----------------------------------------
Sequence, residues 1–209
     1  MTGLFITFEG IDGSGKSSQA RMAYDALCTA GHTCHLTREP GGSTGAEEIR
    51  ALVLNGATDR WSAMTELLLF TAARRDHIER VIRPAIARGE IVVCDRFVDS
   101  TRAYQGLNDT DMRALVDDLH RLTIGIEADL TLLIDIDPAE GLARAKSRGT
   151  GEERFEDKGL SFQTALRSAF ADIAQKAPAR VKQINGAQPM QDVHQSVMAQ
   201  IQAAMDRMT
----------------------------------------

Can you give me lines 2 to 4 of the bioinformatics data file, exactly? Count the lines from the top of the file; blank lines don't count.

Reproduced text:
     1  MTGLFITFEG IDGSGKSSQA RMAYDALCTA GHTCHLTREP GGSTGAEEIR
    51  ALVLNGATDR WSAMTELLLF TAARRDHIER VIRPAIARGE IVVCDRFVDS
   101  TRAYQGLNDT DMRALVDDLH RLTIGIEADL TLLIDIDPAE GLARAKSRGT